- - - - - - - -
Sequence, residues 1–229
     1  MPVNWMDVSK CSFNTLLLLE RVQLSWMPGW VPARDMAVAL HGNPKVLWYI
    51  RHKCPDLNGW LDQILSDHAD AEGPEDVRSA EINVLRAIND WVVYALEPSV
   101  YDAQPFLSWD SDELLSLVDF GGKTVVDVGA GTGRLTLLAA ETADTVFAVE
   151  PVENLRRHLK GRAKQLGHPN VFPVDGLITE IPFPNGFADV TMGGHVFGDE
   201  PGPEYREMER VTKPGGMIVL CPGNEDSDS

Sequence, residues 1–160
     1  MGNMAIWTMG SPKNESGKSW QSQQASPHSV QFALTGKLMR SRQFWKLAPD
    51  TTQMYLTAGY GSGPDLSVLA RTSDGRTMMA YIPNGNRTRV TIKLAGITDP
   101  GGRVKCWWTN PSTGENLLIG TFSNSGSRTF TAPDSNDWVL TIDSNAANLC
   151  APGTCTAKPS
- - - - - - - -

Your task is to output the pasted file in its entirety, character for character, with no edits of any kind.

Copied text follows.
Sequence, residues 1–229
     1  MPVNWMDVSK CSFNTLLLLE RVQLSWMPGW VPARDMAVAL HGNPKVLWYI
    51  RHKCPDLNGW LDQILSDHAD AEGPEDVRSA EINVLRAIND WVVYALEPSV
   101  YDAQPFLSWD SDELLSLVDF GGKTVVDVGA GTGRLTLLAA ETADTVFAVE
   151  PVENLRRHLK GRAKQLGHPN VFPVDGLITE IPFPNGFADV TMGGHVFGDE
   201  PGPEYREMER VTKPGGMIVL CPGNEDSDS

Sequence, residues 1–160
     1  MGNMAIWTMG SPKNESGKSW QSQQASPHSV QFALTGKLMR SRQFWKLAPD
    51  TTQMYLTAGY GSGPDLSVLA RTSDGRTMMA YIPNGNRTRV TIKLAGITDP
   101  GGRVKCWWTN PSTGENLLIG TFSNSGSRTF TAPDSNDWVL TIDSNAANLC
   151  APGTCTAKPS